Margaret Louise, Lismore
On this day, of all days, the excruciating vulgarity of Ocker culture is hard to take.
Don’t get me wrong – I love the lucky country. I can live with the Bottle-O, the servo, the smoko and the avos; I’ve gotten used to brollies and lollies, bikkies and sickies, the ciggies and sunnies and posties and mozzies (who are not the same as ankle biters).
But what does it say about our nation, that so many solid upstanding nouns have been turned into their comic diminutives? Are we afraid to say it like it really is?
Sure, we’re a nation of ex-convicts, larrikins, swagmen, settlers – and who need to get the words out quick, before the flies got in – so if shorter, cutesy words made the hard yakka of living on the world’s driest inhabited continent a bit easier, well good on ‘em!
Look at us now! And look at what, and who, we’ve destroyed to get here.
Was it was worth it?
Did the massacres of this land’s original inhabitants all happen just so a bunch of legless bogans could spend the arvo’ round a barbie, clutching their stubbies as the snags burn and ice in the esky melts? (Do these blokes think of anything else but the footy, mate? Or who’s gonna shout for the next slab?) Ah well, boys deserve a bit of relaxation, don’t they?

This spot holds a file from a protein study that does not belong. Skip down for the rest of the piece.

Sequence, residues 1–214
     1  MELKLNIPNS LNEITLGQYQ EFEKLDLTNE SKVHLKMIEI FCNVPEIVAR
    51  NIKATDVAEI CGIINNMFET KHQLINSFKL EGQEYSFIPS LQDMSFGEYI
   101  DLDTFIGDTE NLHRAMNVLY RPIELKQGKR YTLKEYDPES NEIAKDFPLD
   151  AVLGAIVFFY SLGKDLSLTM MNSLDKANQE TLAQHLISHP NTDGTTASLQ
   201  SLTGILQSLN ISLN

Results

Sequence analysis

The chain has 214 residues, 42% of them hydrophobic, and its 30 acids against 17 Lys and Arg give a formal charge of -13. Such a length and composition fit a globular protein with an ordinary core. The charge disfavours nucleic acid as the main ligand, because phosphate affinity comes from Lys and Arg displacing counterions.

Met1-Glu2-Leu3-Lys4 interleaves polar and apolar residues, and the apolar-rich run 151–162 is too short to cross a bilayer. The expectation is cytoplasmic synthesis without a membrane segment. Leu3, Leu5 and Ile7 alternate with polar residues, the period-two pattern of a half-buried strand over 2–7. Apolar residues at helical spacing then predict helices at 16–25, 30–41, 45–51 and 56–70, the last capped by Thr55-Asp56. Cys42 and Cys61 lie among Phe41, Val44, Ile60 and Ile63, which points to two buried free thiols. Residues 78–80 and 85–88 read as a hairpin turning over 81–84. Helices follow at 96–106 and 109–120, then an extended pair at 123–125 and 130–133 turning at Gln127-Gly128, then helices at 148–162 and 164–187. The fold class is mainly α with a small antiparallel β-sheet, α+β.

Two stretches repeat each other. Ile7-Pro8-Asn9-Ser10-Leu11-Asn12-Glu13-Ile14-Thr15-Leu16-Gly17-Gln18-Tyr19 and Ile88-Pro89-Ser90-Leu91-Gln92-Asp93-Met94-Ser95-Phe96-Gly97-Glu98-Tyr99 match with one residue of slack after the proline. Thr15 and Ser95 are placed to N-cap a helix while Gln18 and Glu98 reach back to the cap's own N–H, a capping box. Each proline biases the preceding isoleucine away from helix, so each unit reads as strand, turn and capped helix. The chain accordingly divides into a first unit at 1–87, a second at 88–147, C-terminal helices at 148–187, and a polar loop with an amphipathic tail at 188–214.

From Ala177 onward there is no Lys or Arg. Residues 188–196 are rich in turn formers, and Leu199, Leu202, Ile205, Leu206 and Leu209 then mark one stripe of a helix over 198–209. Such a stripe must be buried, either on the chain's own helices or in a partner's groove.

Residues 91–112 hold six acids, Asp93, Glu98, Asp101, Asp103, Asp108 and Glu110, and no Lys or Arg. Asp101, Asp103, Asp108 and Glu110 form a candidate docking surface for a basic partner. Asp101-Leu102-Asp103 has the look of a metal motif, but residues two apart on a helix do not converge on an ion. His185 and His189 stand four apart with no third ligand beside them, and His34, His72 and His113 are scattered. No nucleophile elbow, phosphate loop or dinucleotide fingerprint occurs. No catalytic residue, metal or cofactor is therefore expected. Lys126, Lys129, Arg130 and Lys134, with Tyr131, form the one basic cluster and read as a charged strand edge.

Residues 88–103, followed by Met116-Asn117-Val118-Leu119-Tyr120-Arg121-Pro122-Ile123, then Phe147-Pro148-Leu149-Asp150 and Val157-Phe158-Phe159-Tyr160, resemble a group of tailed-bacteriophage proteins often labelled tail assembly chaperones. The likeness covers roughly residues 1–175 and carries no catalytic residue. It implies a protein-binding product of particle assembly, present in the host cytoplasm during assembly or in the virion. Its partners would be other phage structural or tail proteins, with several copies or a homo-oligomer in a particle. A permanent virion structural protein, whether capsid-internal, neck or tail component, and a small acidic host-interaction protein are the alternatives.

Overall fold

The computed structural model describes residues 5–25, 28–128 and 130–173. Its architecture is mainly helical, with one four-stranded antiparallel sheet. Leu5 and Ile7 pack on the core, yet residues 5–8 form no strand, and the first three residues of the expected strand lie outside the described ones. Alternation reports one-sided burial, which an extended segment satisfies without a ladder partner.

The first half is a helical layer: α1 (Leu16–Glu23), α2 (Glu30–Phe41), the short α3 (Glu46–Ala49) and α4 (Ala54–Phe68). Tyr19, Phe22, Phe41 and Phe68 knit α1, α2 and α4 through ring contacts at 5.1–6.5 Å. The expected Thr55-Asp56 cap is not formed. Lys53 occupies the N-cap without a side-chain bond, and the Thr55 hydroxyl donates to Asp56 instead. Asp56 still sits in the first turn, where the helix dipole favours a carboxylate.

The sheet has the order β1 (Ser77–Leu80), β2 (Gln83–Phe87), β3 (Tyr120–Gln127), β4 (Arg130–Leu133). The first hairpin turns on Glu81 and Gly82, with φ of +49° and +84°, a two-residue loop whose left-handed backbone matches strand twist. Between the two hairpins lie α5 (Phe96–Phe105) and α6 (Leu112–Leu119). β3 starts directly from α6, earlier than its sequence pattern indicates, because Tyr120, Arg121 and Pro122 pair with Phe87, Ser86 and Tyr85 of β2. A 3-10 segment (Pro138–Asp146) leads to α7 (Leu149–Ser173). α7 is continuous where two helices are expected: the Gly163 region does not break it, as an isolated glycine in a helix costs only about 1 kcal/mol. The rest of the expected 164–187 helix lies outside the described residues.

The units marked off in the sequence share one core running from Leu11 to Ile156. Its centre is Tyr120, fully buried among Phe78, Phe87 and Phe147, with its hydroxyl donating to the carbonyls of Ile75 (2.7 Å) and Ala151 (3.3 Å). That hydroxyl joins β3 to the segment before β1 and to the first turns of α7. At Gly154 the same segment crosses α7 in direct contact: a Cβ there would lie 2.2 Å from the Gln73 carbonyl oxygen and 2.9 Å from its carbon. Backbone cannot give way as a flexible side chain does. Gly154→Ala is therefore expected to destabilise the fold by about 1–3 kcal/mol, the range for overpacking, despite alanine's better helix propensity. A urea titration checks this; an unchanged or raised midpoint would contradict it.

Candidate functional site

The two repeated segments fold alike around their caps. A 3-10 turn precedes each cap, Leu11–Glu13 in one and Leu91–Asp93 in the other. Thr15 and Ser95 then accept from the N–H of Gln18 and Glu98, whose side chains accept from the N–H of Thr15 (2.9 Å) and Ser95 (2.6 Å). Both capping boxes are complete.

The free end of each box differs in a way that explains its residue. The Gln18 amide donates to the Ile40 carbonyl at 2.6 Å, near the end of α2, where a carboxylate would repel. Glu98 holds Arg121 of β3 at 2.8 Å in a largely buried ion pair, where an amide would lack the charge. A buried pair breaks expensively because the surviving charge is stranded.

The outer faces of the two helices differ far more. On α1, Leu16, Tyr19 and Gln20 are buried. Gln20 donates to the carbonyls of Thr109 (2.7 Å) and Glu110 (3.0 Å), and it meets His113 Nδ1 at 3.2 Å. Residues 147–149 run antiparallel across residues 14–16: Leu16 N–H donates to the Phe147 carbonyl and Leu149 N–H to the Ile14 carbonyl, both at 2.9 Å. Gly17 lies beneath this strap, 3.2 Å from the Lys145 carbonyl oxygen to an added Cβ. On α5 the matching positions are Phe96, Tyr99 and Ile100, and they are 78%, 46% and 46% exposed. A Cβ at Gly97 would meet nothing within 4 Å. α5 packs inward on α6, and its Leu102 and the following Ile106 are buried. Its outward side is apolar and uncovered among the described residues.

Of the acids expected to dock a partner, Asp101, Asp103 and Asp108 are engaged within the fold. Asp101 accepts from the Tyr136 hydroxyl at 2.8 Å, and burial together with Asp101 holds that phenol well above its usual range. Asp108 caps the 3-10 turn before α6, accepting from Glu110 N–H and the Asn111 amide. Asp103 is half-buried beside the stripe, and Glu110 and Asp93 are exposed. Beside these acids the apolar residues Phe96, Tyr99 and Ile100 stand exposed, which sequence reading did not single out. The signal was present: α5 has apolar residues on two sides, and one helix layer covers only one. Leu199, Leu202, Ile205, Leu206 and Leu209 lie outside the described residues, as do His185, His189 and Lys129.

Like ScoMo sez, life wasn’t so flash for those arriving here in 1788 either.
And from that point on it was far, far less flash for the folks who watched them arrive…
…in Botany Bay or Perth or Hobart or Mallacoota, or in Evans Head, where Indigenous people were later surrounded at dawn as they slept, and shot – or driven off the edge of the cliffs at Goanna Headland.
Fair dinkum mate… happened right here.